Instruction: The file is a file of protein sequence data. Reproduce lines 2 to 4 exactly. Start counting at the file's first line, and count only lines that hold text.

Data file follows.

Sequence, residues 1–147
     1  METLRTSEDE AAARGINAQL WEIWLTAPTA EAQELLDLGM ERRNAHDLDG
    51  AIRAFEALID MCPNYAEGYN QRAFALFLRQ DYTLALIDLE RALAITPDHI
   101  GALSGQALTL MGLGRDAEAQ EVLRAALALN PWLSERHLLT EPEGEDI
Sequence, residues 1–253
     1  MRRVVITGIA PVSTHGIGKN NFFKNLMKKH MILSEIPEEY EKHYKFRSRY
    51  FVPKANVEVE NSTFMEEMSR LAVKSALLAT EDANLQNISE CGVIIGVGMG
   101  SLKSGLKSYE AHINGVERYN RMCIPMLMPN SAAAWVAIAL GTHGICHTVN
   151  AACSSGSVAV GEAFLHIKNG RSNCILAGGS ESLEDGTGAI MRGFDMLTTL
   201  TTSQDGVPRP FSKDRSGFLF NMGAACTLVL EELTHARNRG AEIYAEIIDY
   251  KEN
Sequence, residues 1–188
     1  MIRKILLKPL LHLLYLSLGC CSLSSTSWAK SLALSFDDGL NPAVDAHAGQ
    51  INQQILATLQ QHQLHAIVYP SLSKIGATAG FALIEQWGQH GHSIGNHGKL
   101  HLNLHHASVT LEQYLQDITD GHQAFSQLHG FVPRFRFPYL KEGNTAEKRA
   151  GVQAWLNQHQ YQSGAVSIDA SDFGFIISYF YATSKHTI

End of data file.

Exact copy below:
     1  METLRTSEDE AAARGINAQL WEIWLTAPTA EAQELLDLGM ERRNAHDLDG
    51  AIRAFEALID MCPNYAEGYN QRAFALFLRQ DYTLALIDLE RALAITPDHI
   101  GALSGQALTL MGLGRDAEAQ EVLRAALALN PWLSERHLLT EPEGEDI